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Twitter Admits Policy ‘Errors’ After Far-Right Abuse Its New Rules of Posting Pictures

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By Agence France-Presse | Updated: 4 December 2021

Twitter’s new picture permission policy was aimed at combating online abuse, but US activists and researchers said Friday that far-right backers have employed it to protect themselves from scrutiny and to harass opponents.

Even the social network admitted the rollout of the rules, which say anyone can ask Twitter to take down images of themselves posted without their consent, was marred by malicious reports and its teams’ own errors.

It was just the kind of trouble anti-racism advocates worried was coming after the policy was announced this week.

Their concerns were quickly validated, with anti-extremism researcher Kristofer Goldsmith tweeting a screenshot of a far-right call-to-action circulating on Telegram: “Due to the new privacy policy at Twitter, things now unexpectedly work more in our favor.”

“Anyone with a Twitter account should be reporting doxxing posts from the following accounts,” the message said, with a list of dozens of Twitter handles.

Gwen Snyder, an organizer and researcher in Philadelphia, said her account was blocked this week after a report to Twitter about a series of 2019 photos she said showed a local political candidate at a march organized by extreme-right group Proud Boys.

Rather than go through an appeal with Twitter she opted to delete the images and alert others to what was happening.

“Twitter moving to eliminate (my) work from their platform is incredibly dangerous and is going to enable and embolden fascists,” she told AFP.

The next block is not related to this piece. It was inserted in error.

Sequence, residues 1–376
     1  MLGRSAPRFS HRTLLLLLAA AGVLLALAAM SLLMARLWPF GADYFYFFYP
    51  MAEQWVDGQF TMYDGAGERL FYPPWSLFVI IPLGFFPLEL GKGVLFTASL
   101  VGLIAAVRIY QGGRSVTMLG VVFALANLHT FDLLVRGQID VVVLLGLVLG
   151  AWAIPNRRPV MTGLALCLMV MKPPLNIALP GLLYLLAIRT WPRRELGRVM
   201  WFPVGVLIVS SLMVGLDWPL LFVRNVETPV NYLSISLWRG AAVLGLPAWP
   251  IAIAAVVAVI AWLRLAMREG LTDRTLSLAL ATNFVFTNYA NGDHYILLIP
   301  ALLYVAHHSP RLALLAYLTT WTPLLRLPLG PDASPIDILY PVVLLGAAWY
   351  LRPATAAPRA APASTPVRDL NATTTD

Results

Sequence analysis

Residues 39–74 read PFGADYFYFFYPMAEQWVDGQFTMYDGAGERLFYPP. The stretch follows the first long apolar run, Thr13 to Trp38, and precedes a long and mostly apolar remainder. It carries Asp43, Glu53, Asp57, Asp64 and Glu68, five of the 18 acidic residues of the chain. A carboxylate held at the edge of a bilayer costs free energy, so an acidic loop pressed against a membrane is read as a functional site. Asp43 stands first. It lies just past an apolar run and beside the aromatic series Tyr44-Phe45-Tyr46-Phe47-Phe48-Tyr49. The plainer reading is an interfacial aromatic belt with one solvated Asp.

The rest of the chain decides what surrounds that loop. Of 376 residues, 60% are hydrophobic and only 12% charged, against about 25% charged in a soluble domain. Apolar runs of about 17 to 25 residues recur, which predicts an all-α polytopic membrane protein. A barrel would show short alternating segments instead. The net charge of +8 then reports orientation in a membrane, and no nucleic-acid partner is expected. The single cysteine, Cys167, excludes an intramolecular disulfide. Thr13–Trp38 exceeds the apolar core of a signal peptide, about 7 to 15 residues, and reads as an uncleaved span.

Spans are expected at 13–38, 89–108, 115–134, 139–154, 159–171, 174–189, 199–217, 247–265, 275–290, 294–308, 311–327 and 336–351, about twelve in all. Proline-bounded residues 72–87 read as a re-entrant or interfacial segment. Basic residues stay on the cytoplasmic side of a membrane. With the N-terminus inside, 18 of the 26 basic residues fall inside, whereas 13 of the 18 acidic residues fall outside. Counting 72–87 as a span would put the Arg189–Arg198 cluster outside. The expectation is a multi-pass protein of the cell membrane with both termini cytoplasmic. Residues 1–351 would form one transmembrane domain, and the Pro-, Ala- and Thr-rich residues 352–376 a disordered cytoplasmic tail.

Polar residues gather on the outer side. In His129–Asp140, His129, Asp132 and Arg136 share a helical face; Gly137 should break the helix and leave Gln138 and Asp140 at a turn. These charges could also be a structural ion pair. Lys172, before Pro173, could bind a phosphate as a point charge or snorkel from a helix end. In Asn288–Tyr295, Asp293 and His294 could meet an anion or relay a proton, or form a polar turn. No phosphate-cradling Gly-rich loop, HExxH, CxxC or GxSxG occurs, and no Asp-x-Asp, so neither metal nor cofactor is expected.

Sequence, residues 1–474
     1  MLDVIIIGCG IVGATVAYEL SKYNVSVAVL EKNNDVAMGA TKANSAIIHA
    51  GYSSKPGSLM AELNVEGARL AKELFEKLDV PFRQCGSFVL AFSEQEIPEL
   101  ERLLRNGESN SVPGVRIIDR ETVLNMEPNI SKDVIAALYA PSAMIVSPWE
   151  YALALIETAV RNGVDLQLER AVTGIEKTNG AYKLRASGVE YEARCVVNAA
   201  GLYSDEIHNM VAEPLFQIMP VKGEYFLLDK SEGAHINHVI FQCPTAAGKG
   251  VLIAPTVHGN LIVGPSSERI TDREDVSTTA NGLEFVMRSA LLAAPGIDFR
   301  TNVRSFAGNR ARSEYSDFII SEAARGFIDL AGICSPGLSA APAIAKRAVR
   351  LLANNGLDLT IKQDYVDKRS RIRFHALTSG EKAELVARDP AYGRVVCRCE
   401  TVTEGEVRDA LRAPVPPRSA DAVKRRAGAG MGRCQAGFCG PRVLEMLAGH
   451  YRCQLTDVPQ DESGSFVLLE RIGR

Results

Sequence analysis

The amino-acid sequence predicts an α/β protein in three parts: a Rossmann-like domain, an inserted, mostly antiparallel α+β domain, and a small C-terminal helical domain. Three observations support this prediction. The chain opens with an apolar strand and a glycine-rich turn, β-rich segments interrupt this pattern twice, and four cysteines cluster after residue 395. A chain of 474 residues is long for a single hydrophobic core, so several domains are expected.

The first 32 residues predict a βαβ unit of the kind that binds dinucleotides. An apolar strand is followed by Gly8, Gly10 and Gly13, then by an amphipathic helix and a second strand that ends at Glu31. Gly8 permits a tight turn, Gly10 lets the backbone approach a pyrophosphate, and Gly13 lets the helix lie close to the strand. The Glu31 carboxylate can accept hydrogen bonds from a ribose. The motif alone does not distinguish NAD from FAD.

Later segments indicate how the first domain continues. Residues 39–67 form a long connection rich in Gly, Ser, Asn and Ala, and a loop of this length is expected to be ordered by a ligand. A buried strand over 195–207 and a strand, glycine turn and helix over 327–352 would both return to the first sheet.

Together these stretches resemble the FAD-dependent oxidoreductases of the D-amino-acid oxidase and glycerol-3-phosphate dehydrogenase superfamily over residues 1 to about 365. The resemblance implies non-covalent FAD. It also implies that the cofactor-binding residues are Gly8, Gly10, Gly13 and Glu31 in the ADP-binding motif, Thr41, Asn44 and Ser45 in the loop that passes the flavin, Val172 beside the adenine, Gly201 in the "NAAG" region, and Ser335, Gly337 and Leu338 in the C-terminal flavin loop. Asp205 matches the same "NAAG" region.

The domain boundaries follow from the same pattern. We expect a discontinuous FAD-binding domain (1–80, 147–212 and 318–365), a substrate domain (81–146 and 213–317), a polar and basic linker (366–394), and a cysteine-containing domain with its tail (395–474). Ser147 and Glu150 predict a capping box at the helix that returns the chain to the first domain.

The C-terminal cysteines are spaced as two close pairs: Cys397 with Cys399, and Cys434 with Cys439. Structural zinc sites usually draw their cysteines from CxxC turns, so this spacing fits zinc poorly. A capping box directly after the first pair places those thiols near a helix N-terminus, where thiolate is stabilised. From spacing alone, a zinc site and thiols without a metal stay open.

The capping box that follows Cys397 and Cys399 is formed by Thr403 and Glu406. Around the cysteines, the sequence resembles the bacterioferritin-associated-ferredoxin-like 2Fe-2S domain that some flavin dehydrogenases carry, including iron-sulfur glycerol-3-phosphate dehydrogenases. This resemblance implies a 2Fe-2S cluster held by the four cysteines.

In announcing the privacy policy on Tuesday, Twitter noted that “sharing personal media, such as images or videos, can potentially violate a person’s privacy, and may lead to emotional or physical harm.”

But the rules don’t apply to “public figures or individuals when media and accompanying Tweets are shared in the public interest or add value to public discourse.”

By Friday, Twitter noted the roll out had been rough: “We became aware of a significant amount of coordinated and malicious reports, and unfortunately, our enforcement teams made several errors.”

“We’ve corrected those errors and are undergoing an internal review to make certain that this policy is used as intended,” the firm added.

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Apple Fined EUR 5 Million by Dutch Watchdog Over App Store Payment Options

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By Agence France-Presse | Updated: 25 January 2022

The Dutch consumer watchdog fined Apple EUR five million (roughly Rs. 42 crore) on Monday for failing to allow dating app operators to choose payment options other than its own Apple Pay system in its Dutch App Store.